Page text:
The bloggers were swift on Facebook, Twitter, radio and other social media.
“She is fool, a liar, uneducated, lucky, ridiculous, and old, a cook for asking for a re-count,” were some of the dispiriting post-election comments.
Sure, disagreements are good for any democracy to thrive but, when political discourse becomes vitriolic, abusive and hateful, it sets the nation back and only reconfirms the challenges from an historical and cultural environmental impediment surrounding women and their vision and the hidden reality of harassment and discrimination.
Naturally, some people were frustrated by their own economic conditions and others were committed to one candidate or the other. However, it does not change her tenacity in a long tradition where many believe men are superior to women, and only through representation can their voice be heard, as studies have shown.
Women in general are under-represented in the region, and leaders should debunk these negative comments beyond party affiliation because one cannot wait until she lies in repose, and the county can look back, and wonder how she did it.
Recognizing the former prime minister’s triumph is not a simple call to rachet down the inflammatory political tone, or diminish her inability to bridge the new form of networking from the old street politics, failed economic policies, challenging issues that were inadequately addressed, or the lost emotional connection to the community when she was first elected that seemed lost.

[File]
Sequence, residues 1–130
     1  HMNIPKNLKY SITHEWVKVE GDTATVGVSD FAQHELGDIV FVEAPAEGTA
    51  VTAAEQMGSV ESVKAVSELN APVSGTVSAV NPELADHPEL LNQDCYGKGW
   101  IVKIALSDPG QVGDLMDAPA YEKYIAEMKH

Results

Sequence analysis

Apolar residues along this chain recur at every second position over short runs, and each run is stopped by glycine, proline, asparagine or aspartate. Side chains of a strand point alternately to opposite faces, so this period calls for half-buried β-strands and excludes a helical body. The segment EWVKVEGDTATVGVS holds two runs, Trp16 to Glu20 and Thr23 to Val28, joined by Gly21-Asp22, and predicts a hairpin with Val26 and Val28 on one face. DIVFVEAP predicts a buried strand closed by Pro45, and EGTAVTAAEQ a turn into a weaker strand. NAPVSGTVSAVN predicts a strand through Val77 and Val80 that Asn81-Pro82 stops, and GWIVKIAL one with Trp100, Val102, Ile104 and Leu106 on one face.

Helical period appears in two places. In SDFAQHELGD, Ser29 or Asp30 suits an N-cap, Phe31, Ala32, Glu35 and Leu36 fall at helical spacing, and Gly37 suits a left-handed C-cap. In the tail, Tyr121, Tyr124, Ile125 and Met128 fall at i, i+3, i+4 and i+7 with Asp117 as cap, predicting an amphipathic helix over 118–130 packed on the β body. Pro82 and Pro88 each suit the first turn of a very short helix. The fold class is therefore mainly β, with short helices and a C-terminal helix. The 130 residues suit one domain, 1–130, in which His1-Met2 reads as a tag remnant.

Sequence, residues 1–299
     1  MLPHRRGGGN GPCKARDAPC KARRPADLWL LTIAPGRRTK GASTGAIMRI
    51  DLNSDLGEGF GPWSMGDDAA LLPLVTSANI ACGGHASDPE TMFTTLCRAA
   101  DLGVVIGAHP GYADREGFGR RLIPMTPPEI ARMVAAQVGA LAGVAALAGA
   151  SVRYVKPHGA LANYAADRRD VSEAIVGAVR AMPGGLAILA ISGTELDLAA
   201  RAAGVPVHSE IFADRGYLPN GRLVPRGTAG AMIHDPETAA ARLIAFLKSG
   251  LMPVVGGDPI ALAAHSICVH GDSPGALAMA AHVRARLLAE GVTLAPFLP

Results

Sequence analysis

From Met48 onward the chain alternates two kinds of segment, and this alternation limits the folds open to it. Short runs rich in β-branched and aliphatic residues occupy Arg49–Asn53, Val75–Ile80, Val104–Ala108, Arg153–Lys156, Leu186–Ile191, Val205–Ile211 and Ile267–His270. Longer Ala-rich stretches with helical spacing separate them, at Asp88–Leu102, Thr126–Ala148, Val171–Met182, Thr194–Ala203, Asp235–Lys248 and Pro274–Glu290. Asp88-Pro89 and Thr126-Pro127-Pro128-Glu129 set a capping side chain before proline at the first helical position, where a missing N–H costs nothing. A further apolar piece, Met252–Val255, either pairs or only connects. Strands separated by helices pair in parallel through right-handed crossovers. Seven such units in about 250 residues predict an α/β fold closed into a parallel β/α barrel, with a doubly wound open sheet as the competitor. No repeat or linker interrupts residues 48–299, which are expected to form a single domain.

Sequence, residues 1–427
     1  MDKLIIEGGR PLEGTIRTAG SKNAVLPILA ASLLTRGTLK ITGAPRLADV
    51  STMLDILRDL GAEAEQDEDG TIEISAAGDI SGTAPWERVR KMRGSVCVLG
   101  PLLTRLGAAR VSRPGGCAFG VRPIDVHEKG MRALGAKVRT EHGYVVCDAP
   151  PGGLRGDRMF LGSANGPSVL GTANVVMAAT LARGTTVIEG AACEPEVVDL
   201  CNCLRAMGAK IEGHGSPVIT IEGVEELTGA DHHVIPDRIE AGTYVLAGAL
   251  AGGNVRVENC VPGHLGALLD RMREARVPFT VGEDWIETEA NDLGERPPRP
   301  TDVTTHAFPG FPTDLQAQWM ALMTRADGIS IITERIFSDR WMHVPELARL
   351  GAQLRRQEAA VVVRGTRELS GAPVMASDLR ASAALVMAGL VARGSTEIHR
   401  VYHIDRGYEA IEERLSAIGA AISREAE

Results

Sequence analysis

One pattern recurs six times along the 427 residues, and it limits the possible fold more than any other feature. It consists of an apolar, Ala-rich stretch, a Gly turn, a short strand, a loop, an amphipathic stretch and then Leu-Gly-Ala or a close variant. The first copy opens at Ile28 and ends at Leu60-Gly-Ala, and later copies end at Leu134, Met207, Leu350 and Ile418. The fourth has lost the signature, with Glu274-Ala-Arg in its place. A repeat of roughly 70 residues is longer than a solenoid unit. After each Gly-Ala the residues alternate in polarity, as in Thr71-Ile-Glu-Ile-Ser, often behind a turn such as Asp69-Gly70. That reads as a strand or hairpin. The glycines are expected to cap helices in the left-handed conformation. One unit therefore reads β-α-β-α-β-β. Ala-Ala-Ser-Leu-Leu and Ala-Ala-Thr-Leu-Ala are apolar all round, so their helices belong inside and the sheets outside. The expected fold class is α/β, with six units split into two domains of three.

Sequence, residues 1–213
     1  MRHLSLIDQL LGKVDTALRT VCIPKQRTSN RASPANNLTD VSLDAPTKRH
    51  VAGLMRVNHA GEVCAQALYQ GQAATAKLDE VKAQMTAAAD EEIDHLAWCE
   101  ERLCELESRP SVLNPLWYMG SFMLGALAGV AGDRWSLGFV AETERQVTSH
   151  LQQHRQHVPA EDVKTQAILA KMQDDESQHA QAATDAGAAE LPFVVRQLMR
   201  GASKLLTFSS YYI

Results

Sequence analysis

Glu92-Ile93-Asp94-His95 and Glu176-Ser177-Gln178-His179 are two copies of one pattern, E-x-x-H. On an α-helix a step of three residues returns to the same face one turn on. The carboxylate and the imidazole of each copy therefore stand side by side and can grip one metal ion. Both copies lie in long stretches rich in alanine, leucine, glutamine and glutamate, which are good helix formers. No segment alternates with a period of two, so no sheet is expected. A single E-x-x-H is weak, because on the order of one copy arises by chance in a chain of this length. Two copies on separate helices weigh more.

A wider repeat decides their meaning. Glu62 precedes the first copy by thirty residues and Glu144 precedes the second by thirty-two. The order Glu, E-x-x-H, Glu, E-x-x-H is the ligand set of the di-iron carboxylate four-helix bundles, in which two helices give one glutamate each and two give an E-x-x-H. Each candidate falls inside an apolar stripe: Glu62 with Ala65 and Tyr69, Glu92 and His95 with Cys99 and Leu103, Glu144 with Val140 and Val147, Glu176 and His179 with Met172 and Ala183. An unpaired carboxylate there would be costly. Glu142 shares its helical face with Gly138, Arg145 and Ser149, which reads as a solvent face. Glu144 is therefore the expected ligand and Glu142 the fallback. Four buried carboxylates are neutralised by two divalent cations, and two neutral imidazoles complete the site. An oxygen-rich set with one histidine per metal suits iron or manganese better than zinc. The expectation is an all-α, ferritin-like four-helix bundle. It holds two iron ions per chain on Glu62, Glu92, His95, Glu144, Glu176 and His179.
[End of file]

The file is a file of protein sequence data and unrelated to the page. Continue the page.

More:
The quest for equality, social and political accomplishments is not luck as some in the media believe. It is preparation that met opportunity through hard work and dedication. Portia Simpson-Miller and women in general who have made this planet a better place cannot only be judged on few economic quantitative analyses.
This election was bigger than she was. It is the centrality of women, and where women in the region go from here, the disadvantages of being a woman, inclusion, shared priorities, leadership, rights, and security.
A Brief History: March is Women’s History Month, which is celebrated in a few countries. It should remind society of how far they have come and the work that still lies ahead. Despite the missing parades on the islands and other places, women are inspiring generations to strive at becoming better regardless of one’s race, sex, orientation, or social-economic background.
Women’s Salient Score Card: Portia is no stranger to ridicule and intense media. In 2004, the major papers, according to Christopher Charles, highlighted when she was a Member of Parliament and asked if she acted inappropriately by abstaining on a resolution that criticized the shortage of funds to the local fire service.
The Cultural Stigma: Today it still discourages women from entering politics in Jamaica, and other parts of the region. I do not have to do a comparative analysis or draw on any feminist literature as a male to see that the structure of decision-making by women will diminish if the region's stereotyping becomes an ongoing norm.